On the Outskirts of Our Country by Stephanie Zhong

Visiting Manzanar, a former Japanese internment camp in the California desert, challenged one writer to ask how to move forward after witnessing the consequences of U.S. policies through the lens of history. “To realize that, no matter who’s in charge, this is our country. We, the people, play a valuable part in transforming it.”

Banging at my door. Police. I barely had a moment to react before they lodged me in their car and whisked me away to the middle of the California desert. Once there, they confiscated my phone and marched me to a military barracks. Inside I saw two rows of army cots and a few other Asian-Americans standing along the wall in a state of shock. “Wait!” I called out to the policemen. “My husband! My kids!”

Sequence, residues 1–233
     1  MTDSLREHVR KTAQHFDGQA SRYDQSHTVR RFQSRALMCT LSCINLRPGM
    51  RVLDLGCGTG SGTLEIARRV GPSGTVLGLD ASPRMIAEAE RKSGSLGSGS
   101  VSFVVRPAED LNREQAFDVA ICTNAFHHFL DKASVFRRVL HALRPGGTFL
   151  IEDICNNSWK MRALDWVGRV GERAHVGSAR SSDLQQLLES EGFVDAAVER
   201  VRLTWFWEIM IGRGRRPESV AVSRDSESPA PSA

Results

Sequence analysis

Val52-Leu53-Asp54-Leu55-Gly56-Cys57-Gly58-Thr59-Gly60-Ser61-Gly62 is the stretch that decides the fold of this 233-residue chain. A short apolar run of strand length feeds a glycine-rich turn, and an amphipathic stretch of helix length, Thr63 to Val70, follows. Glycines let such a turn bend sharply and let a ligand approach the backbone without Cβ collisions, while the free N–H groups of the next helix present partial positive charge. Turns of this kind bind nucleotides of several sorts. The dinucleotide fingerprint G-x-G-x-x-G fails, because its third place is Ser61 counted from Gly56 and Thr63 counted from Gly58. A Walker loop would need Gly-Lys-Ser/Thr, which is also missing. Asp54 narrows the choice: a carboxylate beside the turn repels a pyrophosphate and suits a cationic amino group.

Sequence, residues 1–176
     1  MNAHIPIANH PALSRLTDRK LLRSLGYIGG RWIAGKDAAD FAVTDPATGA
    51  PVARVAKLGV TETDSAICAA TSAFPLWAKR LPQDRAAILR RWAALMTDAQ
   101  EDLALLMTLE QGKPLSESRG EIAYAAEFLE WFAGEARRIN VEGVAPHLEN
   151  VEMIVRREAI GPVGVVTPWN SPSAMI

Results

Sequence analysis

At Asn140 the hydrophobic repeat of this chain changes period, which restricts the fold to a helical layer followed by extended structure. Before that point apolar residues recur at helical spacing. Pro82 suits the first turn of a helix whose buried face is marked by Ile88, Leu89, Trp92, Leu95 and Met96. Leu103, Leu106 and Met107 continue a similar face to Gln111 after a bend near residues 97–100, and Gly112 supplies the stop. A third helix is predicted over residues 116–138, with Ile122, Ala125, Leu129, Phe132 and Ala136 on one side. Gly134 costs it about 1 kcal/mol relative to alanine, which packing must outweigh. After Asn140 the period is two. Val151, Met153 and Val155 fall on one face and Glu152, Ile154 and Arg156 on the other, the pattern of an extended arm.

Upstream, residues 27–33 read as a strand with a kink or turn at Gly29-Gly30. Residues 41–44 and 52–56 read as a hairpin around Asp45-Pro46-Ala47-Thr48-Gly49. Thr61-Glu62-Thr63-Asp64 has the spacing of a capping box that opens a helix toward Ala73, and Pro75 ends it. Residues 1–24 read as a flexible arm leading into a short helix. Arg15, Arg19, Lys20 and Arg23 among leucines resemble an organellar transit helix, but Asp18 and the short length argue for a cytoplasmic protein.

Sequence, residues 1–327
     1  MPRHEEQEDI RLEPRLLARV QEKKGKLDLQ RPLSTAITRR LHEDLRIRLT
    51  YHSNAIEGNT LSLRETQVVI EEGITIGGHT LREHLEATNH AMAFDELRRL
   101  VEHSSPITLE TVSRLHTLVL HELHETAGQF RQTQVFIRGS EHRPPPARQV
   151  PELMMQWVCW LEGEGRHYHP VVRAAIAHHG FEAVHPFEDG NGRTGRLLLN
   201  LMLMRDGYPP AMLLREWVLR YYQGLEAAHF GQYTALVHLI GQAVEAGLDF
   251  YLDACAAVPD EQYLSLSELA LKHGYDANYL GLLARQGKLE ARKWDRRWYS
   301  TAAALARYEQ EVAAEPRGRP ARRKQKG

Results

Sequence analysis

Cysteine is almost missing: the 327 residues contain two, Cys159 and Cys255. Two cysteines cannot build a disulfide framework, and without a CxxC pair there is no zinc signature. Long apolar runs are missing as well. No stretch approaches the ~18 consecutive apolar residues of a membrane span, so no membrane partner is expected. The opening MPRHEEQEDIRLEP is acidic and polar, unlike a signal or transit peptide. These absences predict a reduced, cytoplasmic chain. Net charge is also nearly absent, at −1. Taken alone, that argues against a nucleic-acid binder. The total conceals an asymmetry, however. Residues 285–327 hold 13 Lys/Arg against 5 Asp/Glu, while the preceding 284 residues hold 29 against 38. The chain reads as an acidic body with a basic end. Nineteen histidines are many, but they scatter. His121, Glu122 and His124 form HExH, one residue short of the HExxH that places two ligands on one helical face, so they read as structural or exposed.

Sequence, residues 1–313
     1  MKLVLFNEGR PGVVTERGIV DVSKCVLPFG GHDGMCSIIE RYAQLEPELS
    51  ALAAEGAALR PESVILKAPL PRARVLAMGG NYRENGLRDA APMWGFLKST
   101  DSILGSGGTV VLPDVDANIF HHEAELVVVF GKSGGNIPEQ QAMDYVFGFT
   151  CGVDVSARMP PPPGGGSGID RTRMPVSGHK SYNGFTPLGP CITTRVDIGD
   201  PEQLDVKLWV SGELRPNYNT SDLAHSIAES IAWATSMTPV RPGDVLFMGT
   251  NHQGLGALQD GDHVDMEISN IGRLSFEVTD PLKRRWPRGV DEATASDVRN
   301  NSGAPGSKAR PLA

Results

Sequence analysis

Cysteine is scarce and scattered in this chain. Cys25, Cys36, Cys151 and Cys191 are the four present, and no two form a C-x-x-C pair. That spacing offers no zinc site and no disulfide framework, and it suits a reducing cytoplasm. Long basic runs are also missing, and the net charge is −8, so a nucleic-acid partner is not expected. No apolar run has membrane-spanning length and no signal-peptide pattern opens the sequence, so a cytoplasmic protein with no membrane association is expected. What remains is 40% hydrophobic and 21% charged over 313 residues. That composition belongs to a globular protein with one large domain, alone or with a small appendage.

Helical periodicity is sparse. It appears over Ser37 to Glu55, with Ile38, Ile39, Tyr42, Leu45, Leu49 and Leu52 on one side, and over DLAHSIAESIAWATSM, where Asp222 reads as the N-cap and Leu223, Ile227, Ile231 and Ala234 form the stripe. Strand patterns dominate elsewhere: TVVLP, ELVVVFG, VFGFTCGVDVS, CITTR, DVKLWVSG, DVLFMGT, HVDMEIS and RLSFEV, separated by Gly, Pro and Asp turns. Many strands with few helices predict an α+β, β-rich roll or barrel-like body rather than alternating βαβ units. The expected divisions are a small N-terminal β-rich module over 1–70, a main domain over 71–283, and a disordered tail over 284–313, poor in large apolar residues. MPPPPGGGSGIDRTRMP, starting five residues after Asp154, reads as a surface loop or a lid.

And then I woke up, my body doused in sweat.

According to my mother, I needn’t worry. It was just a Chinese Dream, one that signified the opposite was going to happen in real life. I was safe. But was I really?

Mae Yanagi, 1942. Photo by Dorothea Lange, public domain
During World War II, more than 120,000 Japanese-Americans were forcibly moved from their homes and imprisoned in internment camps for three years. Now that Donald Trump is going to be president, it’s suddenly conceivable that history will repeat itself. A Trump surrogate told Fox News that the Japanese-American internment was a “precedent” for Trump’s plans to create a Muslim registry. One of the most conservative Supreme Court judges, the late Justice Antonin Scalia, ranked the internment case of Korematsu v. U.S. as one of the worst decisions SCOTUS ever made but cautioned that “you’d be kidding yourself if you think the same thing will not happen again.”